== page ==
This study investigates the relationship between late Holocene landscape development and early human interaction by means of geomorphological and sedimentological analyses supported by GIS modeling operations. The selected geoarchives are sedimentary valley fills of two subwatersheds located in the upper Turano River drainage basin (60km northeast of Rome, Italy), where humans settled at least since the earliest classic period. First the alluvial plains were identified and mapped through multiple GIS operations. Thereafter, 12 cores were taken from the alluvial plains, collecting in total 68m of alluvial profiles. By sedimentological analyses (i.e., grain size, carbon determination) together with 36 AMS-radiocarbon dates, we identified phases when changes in the geomorphological evolution of the study area occurred. Starting around 4200cal BP, eight distinct clusters of increased cumulated probability density functions of the 14C dates were observed, representing enhanced alluvial deposition and/or fluvial activity. The shift from a phase of prevailing biostasy to a period of anthropic rhexistasy occurred after 4200cal BP in the Rio di Riccetto and around 2200cal BP in the more remote Ovito watersheds. Dividing the alluvial sediment volumes by the potential erosion areas and assuming a sediment delivery ratio (SDR) between 0.21 and 0.46, we obtained an average late Holocene surface lowering of 370 to 540mm in the Rio di Riccetto and 400 to 510mm in the Ovito watersheds. Our results show that notable land reshaping occurred in the vicinity of the city of Rome, which can be attributed to human-induced land cover changes. © 2014 Elsevier B.V.

Borrelli, P., Domdey, C., Hoelzmann, P., Knitter, D., Panagos, P., Schutt, B. (2014). Geoarchaeological and historical implications of late Holocene landscape development in the Carseolani Mountains, central Apennines, Italy. GEOMORPHOLOGY, 216, 26-39 [10.1016/j.geomorph.2014.03.032].

Geoarchaeological and historical implications of late Holocene landscape development in the Carseolani Mountains, central Apennines, Italy

Borrelli P.
Conceptualization
;
2014

Abstract

This study investigates the relationship between late Holocene landscape development and early human interaction by means of geomorphological and sedimentological analyses supported by GIS modeling operations. The selected geoarchives are sedimentary valley fills of two subwatersheds located in the upper Turano River drainage basin (60km northeast of Rome, Italy), where humans settled at least since the earliest classic period. First the alluvial plains were identified and mapped through multiple GIS operations. Thereafter, 12 cores were taken from the alluvial plains, collecting in total 68m of alluvial profiles. By sedimentological analyses (i.e., grain size, carbon determination) together with 36 AMS-radiocarbon dates, we identified phases when changes in the geomorphological evolution of the study area occurred. Starting around 4200cal BP, eight distinct clusters of increased cumulated probability density functions of the 14C dates were observed, representing enhanced alluvial deposition and/or fluvial activity. The shift from a phase of prevailing biostasy to a period of anthropic rhexistasy occurred after 4200cal BP in the Rio di Riccetto and around 2200cal BP in the more remote Ovito watersheds. Dividing the alluvial sediment volumes by the potential erosion areas and assuming a sediment delivery ratio (SDR) between 0.21 and 0.46, we obtained an average late Holocene surface lowering of 370 to 540mm in the Rio di Riccetto and 400 to 510mm in the Ovito watersheds. Our results show that notable land reshaping occurred in the vicinity of the city of Rome, which can be attributed to human-induced land cover changes. © 2014 Elsevier B.V.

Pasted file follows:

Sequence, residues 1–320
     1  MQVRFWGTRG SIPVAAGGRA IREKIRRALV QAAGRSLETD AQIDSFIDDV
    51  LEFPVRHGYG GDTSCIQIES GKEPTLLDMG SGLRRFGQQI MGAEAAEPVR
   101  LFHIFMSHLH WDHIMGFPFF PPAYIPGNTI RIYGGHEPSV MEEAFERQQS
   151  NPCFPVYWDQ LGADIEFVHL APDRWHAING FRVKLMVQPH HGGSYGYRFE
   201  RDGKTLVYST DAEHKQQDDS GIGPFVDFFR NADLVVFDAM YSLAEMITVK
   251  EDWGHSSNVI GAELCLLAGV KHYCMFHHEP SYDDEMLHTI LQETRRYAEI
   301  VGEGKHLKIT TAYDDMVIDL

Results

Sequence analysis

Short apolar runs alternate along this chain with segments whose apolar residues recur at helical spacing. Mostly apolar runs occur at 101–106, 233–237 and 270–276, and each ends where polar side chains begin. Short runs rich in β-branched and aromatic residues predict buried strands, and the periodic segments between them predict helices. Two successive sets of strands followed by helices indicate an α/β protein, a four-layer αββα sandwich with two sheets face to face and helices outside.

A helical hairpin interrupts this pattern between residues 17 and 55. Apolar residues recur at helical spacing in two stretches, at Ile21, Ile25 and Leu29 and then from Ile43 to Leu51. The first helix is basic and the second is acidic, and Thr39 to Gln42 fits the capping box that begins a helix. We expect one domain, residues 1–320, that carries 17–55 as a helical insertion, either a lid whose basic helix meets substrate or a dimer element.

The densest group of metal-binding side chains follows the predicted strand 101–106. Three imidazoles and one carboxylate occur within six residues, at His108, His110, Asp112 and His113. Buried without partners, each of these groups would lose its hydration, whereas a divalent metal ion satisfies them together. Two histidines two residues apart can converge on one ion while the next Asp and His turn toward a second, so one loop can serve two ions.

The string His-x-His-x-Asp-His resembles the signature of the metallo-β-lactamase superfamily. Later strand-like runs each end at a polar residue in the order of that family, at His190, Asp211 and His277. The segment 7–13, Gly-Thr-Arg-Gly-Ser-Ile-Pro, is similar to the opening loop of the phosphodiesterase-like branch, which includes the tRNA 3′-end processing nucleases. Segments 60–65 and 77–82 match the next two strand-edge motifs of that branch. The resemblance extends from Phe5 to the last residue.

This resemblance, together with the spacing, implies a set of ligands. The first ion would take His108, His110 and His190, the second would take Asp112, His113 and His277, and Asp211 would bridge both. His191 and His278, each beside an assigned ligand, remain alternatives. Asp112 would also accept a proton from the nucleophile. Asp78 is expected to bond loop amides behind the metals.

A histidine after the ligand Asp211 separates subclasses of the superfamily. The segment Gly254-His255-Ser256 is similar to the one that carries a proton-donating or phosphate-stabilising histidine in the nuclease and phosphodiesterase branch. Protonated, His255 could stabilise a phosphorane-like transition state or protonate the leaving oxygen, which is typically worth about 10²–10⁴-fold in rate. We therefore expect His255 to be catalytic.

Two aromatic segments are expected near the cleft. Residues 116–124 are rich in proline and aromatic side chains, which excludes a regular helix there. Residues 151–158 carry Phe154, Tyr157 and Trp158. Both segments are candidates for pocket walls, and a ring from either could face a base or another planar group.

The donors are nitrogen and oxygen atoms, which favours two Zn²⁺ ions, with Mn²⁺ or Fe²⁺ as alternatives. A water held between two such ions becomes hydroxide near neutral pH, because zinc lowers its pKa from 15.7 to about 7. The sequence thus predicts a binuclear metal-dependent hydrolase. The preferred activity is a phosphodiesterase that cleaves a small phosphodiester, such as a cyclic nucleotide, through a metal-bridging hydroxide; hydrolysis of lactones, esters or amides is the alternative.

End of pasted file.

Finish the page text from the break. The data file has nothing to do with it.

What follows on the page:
Borrelli, P., Domdey, C., Hoelzmann, P., Knitter, D., Panagos, P., Schutt, B. (2014). Geoarchaeological and historical implications of late Holocene landscape development in the Carseolani Mountains, central Apennines, Italy. GEOMORPHOLOGY, 216, 26-39 [10.1016/j.geomorph.2014.03.032].
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Utilizza questo identificativo per citare o creare un link a questo documento: http://hdl.handle.net/11590/416236
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